- Makes you stronger. “That which does not kill us only makes us stronger,” goes the famous saying. And while that’s not always true (sometimes we can be left weakened and ruined), I’ve found it to be true in most cases. Something is difficult? I will be a stronger person for having endured it. This has been the case for me when I went through problems as a teen-ager (I ran away from home and slept in Golden Gate Park in S.F.), when I went through a divorce seven years ago, when I had stressful and trying times at various jobs. I became a better person because of it.
- Test of your character. I like tests and challenges. It motivates me to step up to another level, to see if I can meet the challenge. This is the case with my first marathon, which was very difficult for me (for various reasons). It wasn’t a particularly enjoyable experience for me, but I just saw it as a test. And when I passed that test, it was a joyous thing for me. This is true any time you go through a trying time — see it as a challenge, and try to meet that challenge. And when you do, you’ll feel great about yourself.
- Turn the other cheek. Jesus said that instead of taking an eye for an eye, if someone hits you, just turn the other cheek. I don’t know many people who can meet this monumental challenge. I’ve tried it. It’s not easy, and the desire to avenge any wrongs is hard to quash. However, I believe that even making an effort at this will make you a better person. It goes not just for physical wrongs to you, but anything that anyone does to you. They call you a name? Thank them. There will be some people who say that you have to meet force with force, or people will walk all over you. To this I say, “Where does it end?” And I also say, “You are merely stooping to their level.” Rise above the pettiness of others, and become a better human being.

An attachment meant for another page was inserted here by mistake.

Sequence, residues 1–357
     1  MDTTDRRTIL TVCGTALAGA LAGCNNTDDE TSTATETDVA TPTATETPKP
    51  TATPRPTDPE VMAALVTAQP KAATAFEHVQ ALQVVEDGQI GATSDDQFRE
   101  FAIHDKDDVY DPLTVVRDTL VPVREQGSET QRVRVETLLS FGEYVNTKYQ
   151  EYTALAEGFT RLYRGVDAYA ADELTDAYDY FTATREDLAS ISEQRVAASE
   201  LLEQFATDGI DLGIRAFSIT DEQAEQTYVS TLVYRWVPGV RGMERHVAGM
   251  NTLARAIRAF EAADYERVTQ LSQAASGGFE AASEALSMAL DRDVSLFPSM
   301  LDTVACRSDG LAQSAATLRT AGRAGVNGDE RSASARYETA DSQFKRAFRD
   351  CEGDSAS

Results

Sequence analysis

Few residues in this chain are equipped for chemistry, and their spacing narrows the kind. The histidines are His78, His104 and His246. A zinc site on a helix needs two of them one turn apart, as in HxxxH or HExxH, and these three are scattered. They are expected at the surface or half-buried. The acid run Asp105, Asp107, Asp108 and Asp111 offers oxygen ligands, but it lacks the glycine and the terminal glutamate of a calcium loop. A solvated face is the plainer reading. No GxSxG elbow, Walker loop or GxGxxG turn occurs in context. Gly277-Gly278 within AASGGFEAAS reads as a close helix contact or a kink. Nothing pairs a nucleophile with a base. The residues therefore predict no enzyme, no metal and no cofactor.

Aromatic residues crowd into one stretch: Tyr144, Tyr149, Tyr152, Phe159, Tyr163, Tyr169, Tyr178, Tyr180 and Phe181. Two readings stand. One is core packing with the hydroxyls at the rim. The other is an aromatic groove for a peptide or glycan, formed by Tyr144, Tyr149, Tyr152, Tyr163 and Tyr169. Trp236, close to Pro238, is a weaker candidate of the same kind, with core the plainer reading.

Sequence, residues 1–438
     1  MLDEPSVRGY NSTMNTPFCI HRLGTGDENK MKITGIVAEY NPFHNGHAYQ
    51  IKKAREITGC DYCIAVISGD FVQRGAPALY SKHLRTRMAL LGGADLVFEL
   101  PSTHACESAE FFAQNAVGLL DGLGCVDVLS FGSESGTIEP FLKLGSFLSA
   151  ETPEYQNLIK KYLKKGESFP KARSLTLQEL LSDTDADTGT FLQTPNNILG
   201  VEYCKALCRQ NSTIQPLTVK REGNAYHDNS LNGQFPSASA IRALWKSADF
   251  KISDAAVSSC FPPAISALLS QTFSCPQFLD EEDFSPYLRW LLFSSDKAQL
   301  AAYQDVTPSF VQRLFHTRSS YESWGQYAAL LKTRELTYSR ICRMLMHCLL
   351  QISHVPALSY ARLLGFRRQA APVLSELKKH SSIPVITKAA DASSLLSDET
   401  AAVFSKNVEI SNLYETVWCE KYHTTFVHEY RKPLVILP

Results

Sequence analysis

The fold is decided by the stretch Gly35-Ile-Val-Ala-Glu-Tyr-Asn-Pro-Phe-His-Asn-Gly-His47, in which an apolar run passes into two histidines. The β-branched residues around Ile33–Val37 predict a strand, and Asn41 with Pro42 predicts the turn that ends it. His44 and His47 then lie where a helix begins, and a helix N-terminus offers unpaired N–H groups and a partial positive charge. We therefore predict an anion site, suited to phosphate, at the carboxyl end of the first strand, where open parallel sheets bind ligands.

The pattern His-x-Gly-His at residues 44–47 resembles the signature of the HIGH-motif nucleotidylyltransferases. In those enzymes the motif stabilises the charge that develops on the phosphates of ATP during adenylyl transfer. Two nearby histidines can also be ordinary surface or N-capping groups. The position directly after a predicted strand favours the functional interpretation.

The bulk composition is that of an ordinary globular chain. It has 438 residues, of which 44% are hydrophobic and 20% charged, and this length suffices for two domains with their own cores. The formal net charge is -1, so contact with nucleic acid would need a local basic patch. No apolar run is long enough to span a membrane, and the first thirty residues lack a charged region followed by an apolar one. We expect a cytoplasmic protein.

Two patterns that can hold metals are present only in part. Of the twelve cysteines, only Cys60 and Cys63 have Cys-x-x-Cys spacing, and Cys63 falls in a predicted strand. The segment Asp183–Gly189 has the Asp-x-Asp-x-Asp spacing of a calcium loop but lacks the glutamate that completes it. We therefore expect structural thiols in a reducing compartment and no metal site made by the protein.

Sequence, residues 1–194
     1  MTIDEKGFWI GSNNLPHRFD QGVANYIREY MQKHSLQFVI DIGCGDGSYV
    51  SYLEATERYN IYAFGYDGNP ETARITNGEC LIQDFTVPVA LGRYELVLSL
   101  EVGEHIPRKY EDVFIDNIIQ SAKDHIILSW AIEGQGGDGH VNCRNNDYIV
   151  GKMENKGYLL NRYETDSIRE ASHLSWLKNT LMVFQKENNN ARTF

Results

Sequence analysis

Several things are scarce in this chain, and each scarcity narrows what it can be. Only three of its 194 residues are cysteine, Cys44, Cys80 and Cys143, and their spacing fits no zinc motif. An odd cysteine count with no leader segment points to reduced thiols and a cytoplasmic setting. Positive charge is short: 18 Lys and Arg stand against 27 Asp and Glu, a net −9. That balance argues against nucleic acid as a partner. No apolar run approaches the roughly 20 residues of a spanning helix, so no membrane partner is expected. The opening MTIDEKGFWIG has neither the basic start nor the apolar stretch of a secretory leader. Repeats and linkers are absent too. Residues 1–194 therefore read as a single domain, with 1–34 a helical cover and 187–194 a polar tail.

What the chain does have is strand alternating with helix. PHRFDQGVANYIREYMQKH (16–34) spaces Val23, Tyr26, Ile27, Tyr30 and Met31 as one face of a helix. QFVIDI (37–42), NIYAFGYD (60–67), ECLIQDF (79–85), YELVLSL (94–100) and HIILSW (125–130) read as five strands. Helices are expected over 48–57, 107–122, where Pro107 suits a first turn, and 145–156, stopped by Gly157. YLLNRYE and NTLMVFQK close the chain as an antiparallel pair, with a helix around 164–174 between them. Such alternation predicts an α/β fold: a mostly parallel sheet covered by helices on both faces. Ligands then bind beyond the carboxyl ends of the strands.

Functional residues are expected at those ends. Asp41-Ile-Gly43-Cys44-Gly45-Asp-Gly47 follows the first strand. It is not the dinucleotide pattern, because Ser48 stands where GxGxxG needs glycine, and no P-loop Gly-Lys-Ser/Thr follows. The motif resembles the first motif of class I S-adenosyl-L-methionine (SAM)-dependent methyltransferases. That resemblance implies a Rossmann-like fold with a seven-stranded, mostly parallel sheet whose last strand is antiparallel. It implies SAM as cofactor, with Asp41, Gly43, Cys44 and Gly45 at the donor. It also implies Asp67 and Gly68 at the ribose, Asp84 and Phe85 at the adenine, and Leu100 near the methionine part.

- Love your enemy. I wrote about this recently as one of life’s greatest challenges, and it belongs on this list. When you have anger toward another human being, give this a try. If you succeed, to any degree whatsoever, you will rejoice in this success. It is a miraculous thing.
“A pessimist sees the difficulty in every opportunity; an optimist sees the opportunity in every difficulty.” – Winston Churchill
Elsewhere: See LifeDev’s cool article, Heartbreak Hotel: How to Turn Rejection into Triumph (Digg it if you like it!)